The No Child Left Behind (NCLB) Act ushered in a new era of accountability in American education: for the first time, schools were held responsible for improving student achievement across all demographic groups.
Yet there has always been a concern about holding only the schools themselves accountable for student success — especially given the profound impact of poverty on student achievement.
Instead of putting the entire achievement burden on schools, what would it look like to hold a whole community responsible for long-range student outcomes? How can accountability for youth development, health, and safety — as well as for academic achievement — be shared by non-profits, public non-school agencies, foundations, cities, corporations, and others?
In Striving for Student Success: A Model of Shared Accountability, authors Kelly Bathgate, Richard Lee Colvin, and Elena Silva look at communities that are working to create these shared accountability systems. In particular, the authors highlight the work of the Strive Partnership of Cincinnati-Northern Kentucky.
Made up of more than 300 civic groups, businesses, nonprofits, colleges, public agencies, and philanthropies, Strive “coordinates every service and support that children and adolescents need, at every stage of their education and development,” the authors write. Put simply, these organizations are all dedicated to seeing students succeed, from cradle to career. Although many communities provide these services, what’s different about Strive and other such partnerships is their shared goals—and the acceptance of joint responsibility for meeting those goals.
Already, the results of the Strive effort are impressive. In one particularly bright finding, the authors report that the percentage of children who come to kindergarten ready to learn has risen substantially in Cincinnati as well as in Newport and Covington, the two Kentucky communities that are also part of Strive.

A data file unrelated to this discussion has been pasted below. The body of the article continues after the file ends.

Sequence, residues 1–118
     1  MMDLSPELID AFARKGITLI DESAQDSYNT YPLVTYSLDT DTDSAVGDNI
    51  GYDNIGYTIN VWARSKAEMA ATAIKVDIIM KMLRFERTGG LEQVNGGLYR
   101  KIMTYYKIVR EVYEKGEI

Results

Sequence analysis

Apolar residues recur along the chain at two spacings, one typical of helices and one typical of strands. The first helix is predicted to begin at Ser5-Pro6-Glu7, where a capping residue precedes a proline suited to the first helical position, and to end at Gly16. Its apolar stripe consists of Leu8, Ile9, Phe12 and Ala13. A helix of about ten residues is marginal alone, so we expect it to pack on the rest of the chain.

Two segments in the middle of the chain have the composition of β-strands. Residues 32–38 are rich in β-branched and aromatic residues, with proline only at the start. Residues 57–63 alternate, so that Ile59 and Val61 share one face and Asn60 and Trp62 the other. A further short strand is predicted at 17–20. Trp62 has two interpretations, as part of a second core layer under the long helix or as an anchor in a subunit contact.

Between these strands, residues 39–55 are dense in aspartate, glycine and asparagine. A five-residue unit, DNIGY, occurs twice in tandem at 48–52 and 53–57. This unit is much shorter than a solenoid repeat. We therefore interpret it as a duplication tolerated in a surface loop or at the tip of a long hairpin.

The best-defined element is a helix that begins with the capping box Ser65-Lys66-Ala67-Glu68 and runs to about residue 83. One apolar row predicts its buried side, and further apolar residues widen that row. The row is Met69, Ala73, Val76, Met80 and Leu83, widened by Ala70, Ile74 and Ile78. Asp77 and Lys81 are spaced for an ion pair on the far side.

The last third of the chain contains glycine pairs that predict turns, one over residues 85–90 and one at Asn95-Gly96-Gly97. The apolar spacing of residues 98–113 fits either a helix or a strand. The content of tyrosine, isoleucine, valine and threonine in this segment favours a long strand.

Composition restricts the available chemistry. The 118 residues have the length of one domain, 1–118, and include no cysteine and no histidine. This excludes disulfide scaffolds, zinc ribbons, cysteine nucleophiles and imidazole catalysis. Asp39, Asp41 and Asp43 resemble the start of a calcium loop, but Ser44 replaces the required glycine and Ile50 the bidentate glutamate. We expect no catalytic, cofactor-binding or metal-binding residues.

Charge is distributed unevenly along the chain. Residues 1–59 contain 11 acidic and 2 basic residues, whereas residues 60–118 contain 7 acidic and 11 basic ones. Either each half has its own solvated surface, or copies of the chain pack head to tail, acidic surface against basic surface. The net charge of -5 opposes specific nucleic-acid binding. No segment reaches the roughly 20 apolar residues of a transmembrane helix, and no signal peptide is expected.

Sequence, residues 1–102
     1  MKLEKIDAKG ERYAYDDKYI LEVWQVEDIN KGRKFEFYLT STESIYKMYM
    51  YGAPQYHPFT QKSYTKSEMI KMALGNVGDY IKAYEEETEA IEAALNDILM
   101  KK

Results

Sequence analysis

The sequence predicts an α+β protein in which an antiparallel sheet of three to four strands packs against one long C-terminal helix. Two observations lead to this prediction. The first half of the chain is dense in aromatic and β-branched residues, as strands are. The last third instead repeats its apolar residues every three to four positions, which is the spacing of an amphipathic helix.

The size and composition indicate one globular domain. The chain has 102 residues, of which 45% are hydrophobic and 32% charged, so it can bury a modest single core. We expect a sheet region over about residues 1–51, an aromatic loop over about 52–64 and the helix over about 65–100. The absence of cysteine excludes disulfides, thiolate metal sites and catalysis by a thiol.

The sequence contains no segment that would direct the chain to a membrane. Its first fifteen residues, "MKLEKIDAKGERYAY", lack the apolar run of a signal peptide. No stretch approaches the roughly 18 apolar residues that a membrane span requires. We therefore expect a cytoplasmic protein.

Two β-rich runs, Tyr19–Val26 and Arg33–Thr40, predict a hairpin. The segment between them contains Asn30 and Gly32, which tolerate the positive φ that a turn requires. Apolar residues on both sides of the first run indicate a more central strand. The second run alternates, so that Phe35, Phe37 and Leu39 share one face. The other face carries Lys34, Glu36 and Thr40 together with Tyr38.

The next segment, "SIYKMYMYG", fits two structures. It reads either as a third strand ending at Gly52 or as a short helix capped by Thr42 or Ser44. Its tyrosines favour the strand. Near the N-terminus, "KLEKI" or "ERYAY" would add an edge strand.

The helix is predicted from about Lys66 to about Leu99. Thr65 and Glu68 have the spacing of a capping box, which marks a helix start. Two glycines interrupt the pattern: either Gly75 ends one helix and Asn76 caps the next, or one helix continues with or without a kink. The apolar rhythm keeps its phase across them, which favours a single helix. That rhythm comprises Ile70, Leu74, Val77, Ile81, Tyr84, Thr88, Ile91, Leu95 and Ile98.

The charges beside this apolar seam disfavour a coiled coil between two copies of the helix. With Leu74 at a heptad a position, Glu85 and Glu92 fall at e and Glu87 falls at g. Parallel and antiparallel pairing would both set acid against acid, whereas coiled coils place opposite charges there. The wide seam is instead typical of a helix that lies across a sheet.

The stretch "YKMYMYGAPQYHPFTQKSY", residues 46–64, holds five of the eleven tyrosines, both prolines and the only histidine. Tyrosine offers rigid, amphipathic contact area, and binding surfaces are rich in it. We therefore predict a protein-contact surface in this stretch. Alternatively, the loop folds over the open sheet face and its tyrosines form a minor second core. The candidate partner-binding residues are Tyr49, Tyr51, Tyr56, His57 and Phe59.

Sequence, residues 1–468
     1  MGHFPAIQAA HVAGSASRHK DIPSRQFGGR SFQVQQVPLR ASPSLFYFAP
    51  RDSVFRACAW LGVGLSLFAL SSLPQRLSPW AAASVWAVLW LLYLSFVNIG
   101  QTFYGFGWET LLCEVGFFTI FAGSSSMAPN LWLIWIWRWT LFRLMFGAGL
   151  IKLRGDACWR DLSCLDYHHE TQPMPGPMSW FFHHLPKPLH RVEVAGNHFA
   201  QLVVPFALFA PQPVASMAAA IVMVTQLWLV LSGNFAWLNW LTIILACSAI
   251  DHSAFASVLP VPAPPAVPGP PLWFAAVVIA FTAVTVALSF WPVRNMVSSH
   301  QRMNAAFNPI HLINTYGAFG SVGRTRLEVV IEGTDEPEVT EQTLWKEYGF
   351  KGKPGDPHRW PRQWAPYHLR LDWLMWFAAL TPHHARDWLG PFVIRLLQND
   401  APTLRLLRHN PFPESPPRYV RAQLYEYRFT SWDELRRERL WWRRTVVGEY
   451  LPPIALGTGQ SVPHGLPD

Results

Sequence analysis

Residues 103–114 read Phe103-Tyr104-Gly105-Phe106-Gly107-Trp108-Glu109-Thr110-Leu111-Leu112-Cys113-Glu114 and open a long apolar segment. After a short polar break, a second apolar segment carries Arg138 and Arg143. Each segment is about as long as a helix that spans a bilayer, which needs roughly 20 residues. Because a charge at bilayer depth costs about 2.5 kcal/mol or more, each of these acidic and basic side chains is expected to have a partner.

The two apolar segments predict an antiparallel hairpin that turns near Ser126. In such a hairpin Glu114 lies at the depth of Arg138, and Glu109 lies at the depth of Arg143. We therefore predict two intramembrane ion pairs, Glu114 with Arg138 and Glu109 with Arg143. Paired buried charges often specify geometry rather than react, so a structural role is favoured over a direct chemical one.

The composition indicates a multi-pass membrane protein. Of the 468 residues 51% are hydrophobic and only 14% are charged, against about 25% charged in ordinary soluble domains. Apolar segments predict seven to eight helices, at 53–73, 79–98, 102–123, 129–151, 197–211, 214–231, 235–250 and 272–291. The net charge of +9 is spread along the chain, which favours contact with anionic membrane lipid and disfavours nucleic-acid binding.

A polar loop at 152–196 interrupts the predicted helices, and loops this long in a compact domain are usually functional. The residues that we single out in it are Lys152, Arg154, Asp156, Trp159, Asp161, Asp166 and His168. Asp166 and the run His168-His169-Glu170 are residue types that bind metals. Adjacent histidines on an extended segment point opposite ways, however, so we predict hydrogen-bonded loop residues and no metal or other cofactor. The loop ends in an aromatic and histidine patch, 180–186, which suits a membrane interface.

The Obama administration’s Promise Neighborhoods program, which encourages communities to build a continuum of services for children and youth, is centered on this sort of comprehensive, community-wide approach to student success. Perhaps the best known example is the Harlem Children’s Zone, which links a variety of children’s services, including schools, in a 100-block area in New York City. A growing number of other communities are establishing community partnerships, as well.
But, as the authors note, no one should underestimate the work involved in making such programs succeed. “Making shared accountability more than notional poses technical, operational, political, and financial challenges,” the authors write. “Such systems require engaging multiple players in decisions about priorities, resource allocation, performance measures, responsibilities, and consequences for participating organizations if performance lags.”
This report provides an in-depth look at where shared accountability works, and on how other communities can use this approach to help all students succeed.